RTK reference station coordinates determination using shell script

categories: gnss
tags: rtk

I think that the reference stations of the Geographical Survey Institute of Japan (GSI) are often used to determine the coordinates of the RTK reference station in Japan. However, even though the reference point to be used is fixed, it is a hassle to search for and download the reference point every time. However, GSI also provides a way to download these data via ftp (file transfer protocol).

In addition, if we collect observation data ourself and process it interactively with RTKPOST application of RTKLIB, we will deepen our understanding of RTK. However, the work of calculating each time the antenna is changed, extracting the coordinates fixed with, say Microsoft Excel, and then calculating the average is a hassle. However, RTKLIB also ships with an application that can be run non-interactively called rnx2rtkp.

Therefore, I created a shell script that performs a series of processes from downloading the observation data of GSI to determining the coordinates of the RTK reference station.

I assume:

  1. You have obtained an ftp account (ID, password) of GSI.
  2. You know the reference station number, latitude, longitude, and ellipsoidal height of the reference station.
  3. curl, convbin, rnx2rtkp, awk are in a directory in your path.

Since the satellite constellation has a 12-hour cycle or a 24-hour cycle, it is necessary to observe for 24 hours or more to determine the coordinates of the RTK reference station. On the other hand, the RINEX format is often used for archiving the reference station, but the RINEX format cannot combine multiple files as they are. In order to combine multiple observation files, u-blox format files, which are raw data, are used here. The raw data is in stream format, so you can combine the files as is.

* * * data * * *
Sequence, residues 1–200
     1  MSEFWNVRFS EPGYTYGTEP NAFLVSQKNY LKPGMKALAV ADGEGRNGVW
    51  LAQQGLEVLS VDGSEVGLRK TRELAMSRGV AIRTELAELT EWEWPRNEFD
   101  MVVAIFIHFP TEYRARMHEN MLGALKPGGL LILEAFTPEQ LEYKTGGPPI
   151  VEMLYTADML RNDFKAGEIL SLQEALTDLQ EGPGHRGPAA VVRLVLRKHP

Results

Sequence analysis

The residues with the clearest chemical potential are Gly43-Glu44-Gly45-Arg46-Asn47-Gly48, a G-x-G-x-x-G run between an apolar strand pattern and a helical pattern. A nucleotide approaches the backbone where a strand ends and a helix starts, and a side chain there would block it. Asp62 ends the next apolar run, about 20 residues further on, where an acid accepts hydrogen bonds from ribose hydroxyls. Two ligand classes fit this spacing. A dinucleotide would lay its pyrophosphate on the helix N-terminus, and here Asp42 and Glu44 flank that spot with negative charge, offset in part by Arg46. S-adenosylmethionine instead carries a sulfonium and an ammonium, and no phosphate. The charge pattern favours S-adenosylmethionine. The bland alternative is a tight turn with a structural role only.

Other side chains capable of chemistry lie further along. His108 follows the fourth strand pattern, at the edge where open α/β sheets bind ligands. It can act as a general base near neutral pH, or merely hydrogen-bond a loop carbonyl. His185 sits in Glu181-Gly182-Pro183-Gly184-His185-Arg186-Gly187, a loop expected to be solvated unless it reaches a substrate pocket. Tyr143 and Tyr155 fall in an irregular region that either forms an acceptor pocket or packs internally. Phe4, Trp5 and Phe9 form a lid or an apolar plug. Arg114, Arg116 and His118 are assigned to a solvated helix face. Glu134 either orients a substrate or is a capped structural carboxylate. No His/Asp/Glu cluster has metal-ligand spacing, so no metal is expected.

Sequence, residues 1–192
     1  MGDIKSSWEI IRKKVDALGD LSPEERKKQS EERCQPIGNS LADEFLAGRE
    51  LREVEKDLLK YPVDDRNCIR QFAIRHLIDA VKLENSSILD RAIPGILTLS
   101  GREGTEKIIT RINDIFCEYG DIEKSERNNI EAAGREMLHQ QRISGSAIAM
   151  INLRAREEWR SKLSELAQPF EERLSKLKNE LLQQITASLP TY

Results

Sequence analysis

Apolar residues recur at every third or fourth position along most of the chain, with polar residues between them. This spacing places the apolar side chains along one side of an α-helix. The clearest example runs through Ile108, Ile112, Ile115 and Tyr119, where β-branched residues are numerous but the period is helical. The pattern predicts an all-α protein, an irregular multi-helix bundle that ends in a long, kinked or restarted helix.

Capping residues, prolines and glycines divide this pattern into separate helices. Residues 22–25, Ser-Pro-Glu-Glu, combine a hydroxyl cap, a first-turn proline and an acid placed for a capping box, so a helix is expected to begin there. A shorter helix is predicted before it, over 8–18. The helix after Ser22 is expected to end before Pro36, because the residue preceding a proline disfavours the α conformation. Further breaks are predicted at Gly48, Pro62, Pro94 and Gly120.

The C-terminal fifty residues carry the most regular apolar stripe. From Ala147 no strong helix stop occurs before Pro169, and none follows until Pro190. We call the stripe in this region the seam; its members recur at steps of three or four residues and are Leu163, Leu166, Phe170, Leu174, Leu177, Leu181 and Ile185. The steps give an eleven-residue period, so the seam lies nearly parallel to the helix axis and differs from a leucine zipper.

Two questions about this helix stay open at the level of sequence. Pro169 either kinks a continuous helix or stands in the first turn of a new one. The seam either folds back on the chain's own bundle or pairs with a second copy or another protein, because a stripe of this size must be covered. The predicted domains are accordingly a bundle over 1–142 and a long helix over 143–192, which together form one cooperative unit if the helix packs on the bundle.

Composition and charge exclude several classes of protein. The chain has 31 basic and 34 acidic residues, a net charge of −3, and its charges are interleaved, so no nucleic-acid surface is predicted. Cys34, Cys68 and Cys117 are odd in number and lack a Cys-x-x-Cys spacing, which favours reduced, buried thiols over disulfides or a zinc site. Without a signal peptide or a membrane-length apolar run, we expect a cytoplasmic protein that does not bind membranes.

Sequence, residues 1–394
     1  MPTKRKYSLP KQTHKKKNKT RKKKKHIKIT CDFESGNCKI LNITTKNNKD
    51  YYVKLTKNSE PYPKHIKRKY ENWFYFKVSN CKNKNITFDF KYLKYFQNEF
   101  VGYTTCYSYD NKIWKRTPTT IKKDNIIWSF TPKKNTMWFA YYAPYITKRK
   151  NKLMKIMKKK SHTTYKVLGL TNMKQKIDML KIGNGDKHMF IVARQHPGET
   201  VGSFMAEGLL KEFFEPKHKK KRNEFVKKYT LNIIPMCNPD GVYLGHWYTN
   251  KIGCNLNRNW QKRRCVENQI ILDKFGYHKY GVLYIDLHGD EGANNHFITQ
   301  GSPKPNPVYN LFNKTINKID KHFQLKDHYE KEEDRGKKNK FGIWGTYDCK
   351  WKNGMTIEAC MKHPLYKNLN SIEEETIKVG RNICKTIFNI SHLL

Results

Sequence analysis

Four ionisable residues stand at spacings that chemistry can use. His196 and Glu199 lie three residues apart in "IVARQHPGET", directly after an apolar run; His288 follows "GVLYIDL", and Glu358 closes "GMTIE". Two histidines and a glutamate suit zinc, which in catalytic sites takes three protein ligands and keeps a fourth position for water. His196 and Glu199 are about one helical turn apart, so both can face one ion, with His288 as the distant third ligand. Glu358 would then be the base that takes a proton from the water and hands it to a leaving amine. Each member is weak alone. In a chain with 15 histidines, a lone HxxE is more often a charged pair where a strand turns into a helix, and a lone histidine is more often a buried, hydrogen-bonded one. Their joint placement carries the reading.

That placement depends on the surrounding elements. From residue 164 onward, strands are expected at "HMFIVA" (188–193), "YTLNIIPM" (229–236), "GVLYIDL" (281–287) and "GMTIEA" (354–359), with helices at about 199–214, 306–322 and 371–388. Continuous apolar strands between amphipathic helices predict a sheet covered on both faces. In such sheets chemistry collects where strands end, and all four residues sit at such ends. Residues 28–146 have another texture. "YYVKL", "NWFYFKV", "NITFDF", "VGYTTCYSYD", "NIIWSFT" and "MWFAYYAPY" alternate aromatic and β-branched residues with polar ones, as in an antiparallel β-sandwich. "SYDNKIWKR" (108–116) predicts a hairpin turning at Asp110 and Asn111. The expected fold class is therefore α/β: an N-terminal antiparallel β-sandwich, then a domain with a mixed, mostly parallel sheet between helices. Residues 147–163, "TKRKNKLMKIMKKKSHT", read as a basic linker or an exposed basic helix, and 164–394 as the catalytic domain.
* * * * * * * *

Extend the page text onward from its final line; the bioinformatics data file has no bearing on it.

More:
Please rewrite as appropriate according to your environment for YEAR, MONTH, DAY, the reference station number POS, coordinates LAT, LON, and HEIGHT , GSI account and password GSIID, GSIPW, and the URI of calculating the coordinate of the reference station RTKURI.


YEAR=2021      # date
POS=1157        # GSI reference station number
LAT=34.39704732 # position
GSIID= GSI ID # change me
GSIPW= GSI password # change me

T1=`date +%s -d "$YEAR$MONTH$DAY"`
T2=`date +%s -d "${YEAR}0101"`
DAYNO=`echo $T1 $T2 | awk '{printf "%03d", ($1-$2)/60/60/24+1}'`
echo Getting GSI observation data on $YEAR/$MONTH/$DAY at $POS
curl -Ss -u $GSIID:$GSIPW -O $GSIURI/$YEAR/$DAYNO/$POS${DAYNO}0.${YEAR:2:2}o.gz

echo -n "Getting RTK observation data: "   # an example of obtaining GNSS raw data
for hourcode in {a..x}; do
    echo -n "$YEAR$MONTH$DAY$hourcode "
    curl -Ss -O $RTKURI/$YEAR$MONTH/$YEAR$MONTH$DAY$hourcode.ubx
cat $YEAR$MONTH${DAY}?.ubx > $YEAR$MONTH$DAY.ubx && rm $YEAR$MONTH${DAY}?.ubx

echo Converting RTK raw to RINEX
convbin $YEAR$MONTH$DAY.ubx -v 3.02 -ti 1 && rm $YEAR$MONTH$DAY.ubx

echo Executing RTK
rnx2rtkp -p 2 -h -t -u \
    $YEAR$MONTH$DAY.obs $YEAR$MONTH$DAY.nav $POS${DAYNO}0.${YEAR:2:2}o.gz \
    -l $LAT $LON $HEIGHT \
    > $YEAR$MONTH$DAY.pos

echo Averaged position:
awk '$6==1{n+=1; lat+=$3; lon+=$4; height+=$5} END {printf "%.7f %.7f %.3f\n", lat/n, lon/n, height/n}' $YEAR$MONTH$DAY.pos


On the day when the observation data of the RTK reference station was obtained, the 7th digit after the decimal point of the longitude did not change even if it was processed on another day, so I think that the coordinates can be determined on the order of centimeters.